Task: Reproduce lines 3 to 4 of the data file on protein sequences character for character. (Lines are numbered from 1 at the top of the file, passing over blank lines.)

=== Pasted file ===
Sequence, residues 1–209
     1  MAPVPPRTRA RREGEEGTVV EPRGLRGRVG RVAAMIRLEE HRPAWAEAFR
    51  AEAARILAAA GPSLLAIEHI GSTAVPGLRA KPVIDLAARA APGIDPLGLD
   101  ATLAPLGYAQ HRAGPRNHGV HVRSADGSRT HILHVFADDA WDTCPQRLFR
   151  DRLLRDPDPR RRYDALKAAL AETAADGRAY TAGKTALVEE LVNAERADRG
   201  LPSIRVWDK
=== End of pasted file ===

    51  AEAARILAAA GPSLLAIEHI GSTAVPGLRA KPVIDLAARA APGIDPLGLD
   101  ATLAPLGYAQ HRAGPRNHGV HVRSADGSRT HILHVFADDA WDTCPQRLFR